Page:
Council of New York Cooperatives & Condominiums
Article Archive
Financial Issues

Published: Autumn 2002


Reverse mortgages have long been available to owners of private homes and condominiums. With a reverse mortgage, a senior homeowner arranges to receive additional income by pledging a portion of the equity in the home. When the senior leaves that house, the lender recovers its loan plus the interest that has accrued. The costs of obtaining a reverse mortgage are generally higher than those on a conventional mortgage, but the borrowing senior will never have to make interest payments on the loan, and the unused portions of the reverse mortgage grows over time. The interest is rolled into the mortgage itself and is payable only when the senior sells the home or leaves it permanently. Thus, the reverse mortgage obligation becomes the debt of anyone inheriting the home, for the estate would have to pay off this debt like any traditional mortgage or home equity loan.

Pleased that seniors in its condominium members had this resource, CNYC has long worked to bring reverse mortgage opportunities to homeowners in cooperatives. Wording in the federal legislation authorizing HUD insured reverse mortgages had specifically excluded cooperatives, although no indication of the reason for this was unearthed. The National Association of Housing Cooperatives (NAHC) was very active in drafting and promoting Federal legislation that was passed in 2000; it lifted this prohibition and encouraged HUD to consider including cooperatives in the pool of allowable and HUD insurable reverse mortgages. NAHC is pursuing this matter with HUD and reports that the Federal Housing Administration will soon be authorizing government-guaranteed loans called Home Equity Conversion Mortgages, which will be particularly helpful to lower and moderate income cooperative homeowners. But seniors in New York cooperatives can already benefit from reverse mortgages, subject, of course, to approval by the Board.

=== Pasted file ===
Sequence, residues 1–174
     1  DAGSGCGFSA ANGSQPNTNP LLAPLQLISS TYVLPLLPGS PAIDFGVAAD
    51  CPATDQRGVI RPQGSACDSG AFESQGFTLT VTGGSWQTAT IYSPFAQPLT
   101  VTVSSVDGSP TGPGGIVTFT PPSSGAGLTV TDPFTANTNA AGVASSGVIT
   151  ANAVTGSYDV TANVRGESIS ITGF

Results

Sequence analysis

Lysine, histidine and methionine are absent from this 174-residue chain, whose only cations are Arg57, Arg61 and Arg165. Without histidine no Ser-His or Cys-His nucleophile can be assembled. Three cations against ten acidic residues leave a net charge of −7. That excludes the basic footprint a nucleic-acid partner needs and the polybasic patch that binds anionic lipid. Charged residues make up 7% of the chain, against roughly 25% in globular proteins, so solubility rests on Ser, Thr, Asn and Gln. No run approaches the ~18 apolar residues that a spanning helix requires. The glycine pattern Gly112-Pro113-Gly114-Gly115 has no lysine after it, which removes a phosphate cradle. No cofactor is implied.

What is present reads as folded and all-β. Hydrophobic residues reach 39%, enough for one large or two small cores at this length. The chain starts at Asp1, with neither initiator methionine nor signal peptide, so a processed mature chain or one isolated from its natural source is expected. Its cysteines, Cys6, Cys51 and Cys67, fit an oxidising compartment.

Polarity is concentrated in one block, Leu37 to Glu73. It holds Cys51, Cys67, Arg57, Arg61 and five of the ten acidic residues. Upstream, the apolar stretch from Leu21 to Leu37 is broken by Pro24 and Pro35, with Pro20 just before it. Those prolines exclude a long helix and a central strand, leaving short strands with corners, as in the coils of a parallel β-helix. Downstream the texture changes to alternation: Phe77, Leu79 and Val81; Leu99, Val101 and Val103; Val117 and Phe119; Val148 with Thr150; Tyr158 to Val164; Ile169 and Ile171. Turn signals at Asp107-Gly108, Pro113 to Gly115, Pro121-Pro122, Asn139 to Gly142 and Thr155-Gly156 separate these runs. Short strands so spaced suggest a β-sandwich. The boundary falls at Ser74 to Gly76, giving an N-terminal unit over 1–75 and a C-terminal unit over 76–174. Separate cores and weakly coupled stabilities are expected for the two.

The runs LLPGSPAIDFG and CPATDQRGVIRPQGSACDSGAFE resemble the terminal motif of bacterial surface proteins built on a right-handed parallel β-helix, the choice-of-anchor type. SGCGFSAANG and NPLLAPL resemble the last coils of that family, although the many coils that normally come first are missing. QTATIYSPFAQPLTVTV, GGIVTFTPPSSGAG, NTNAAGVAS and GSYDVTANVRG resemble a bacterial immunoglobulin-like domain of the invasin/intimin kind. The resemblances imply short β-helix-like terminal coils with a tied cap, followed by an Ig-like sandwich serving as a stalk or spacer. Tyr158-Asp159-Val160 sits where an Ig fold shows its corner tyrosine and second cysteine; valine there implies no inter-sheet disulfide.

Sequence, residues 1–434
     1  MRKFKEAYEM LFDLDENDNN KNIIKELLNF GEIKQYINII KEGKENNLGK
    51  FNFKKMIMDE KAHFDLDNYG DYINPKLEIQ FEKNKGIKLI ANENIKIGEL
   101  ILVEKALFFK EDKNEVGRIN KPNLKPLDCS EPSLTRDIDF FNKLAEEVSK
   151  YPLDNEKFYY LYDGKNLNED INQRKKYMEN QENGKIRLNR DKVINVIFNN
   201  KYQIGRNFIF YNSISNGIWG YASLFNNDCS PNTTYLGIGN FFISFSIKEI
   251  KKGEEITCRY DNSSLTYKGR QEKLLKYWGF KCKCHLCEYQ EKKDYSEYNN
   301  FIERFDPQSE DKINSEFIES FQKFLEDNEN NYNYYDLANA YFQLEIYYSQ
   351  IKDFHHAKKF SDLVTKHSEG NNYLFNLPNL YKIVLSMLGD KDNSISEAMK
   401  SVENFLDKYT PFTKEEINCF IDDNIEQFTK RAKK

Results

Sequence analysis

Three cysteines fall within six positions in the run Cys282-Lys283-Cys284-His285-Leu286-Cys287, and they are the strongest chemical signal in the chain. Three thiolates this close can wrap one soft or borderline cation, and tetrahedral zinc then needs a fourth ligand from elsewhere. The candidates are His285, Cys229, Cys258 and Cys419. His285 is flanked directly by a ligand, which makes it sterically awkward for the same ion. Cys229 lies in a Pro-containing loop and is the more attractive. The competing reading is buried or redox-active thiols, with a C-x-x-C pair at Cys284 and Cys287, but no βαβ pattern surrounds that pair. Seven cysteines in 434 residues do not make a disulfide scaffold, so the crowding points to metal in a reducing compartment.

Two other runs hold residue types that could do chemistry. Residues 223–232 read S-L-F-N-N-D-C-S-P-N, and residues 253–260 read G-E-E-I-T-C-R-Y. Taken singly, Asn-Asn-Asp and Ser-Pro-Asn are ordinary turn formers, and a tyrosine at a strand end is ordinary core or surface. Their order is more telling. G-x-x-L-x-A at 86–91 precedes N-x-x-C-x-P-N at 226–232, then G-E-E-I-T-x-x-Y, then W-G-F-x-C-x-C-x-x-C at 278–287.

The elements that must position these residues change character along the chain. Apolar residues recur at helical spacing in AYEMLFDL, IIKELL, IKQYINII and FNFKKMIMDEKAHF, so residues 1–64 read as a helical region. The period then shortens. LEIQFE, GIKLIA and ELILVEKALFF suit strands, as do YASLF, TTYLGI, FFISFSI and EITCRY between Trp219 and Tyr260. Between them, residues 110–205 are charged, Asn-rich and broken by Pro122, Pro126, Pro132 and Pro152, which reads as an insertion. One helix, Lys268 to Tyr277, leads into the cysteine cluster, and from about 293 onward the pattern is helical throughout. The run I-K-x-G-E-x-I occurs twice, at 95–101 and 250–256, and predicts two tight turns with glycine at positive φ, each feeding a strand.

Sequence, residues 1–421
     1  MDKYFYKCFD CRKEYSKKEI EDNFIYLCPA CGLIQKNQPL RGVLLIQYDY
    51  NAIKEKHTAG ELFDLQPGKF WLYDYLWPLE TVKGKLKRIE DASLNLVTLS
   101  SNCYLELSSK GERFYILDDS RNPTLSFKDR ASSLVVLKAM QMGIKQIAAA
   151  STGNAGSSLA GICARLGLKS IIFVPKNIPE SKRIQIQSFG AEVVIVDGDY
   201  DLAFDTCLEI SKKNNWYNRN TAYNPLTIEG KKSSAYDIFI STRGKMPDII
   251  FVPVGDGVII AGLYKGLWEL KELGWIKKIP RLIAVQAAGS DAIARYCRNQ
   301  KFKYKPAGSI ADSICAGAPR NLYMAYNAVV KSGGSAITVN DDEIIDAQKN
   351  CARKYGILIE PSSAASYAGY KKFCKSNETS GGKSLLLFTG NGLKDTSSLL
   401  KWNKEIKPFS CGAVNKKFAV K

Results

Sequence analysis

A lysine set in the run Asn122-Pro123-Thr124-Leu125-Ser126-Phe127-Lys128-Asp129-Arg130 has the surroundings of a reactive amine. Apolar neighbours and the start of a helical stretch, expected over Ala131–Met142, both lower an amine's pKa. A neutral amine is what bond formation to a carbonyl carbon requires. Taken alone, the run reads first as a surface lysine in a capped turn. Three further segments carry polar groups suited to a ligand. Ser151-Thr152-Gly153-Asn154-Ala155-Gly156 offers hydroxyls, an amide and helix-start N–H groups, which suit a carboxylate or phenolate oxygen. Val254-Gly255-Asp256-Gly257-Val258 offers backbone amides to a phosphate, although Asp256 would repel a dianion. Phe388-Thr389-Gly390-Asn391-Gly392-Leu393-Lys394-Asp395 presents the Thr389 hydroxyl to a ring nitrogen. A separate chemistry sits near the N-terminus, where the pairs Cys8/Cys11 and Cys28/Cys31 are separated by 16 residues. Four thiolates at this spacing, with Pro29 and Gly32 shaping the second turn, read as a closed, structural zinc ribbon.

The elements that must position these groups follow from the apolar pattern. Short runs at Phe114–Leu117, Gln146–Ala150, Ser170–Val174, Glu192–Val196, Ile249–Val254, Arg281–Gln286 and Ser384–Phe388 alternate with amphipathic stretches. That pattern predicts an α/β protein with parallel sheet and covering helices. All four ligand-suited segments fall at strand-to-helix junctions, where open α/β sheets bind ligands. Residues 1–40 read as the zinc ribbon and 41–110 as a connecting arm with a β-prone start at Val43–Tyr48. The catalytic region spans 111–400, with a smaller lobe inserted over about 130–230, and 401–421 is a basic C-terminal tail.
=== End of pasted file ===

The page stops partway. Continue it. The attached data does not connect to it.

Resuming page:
Enter Financial Freedom, a subsidiary of Lehman Brothers Bank, FSB, which is bringing to the New York market reverse mortgage opportunities for seniors aged 62 and older on the cooperative or condominium that is their primary residence. Financial Freedom invites seniors who own their cooperative free and clear (or who are prepared to use part of the proceeds of their reverse mortgage to pay off their existing mortgage), to borrow in a lump sum or take down a line of credit to use as they wish. Closing costs are usually deducted up front from the loan proceeds.

Actuarial calculations govern the level of loan-to-value that Financial Freedom will authorize in any given situation, with the age of the borrower being a vital factor. But there is no credit or income requirement, no mortgage payments and the principal, plus interest, is payable only when the borrower vacates the cooperative. The prudent cap on loan-to-value and the clear terms of the agreement showing that Financial Freedom will not in any circumstances seek to take possession of the unit should allay any misgivings of the Board or its advisors regarding the advisability of agreeing to a reverse mortgage. Today’s low interest rates make this a particularly interesting option.

The Financial Freedom Cash Account reverse mortgage enables seniors to convert a portion of their co-op equity into tax-free income or a line of credit without having to sell the home, give up title or take on new monthly mortgage payments. There is no limit on the Financial Freedom Cash Account reverse mortgages, although the loan amount is based on the value of the home, its location and the borrower's age. A young senior of 65, for example, would be able to borrow about 10% of the value of her apartment, while Financial Freedom might authorize borrowing of up to 50% of the value of the unit of a 97-year-old. To explore the loan level available to you (or your parents) visit the Financial Freedom website at, or call 888-738-3773.

Reverse mortgages will be discussed in detail at a CNYC seminar on the evening of Wednesday, January 15, 2003, with careful attention to the role of the Board.


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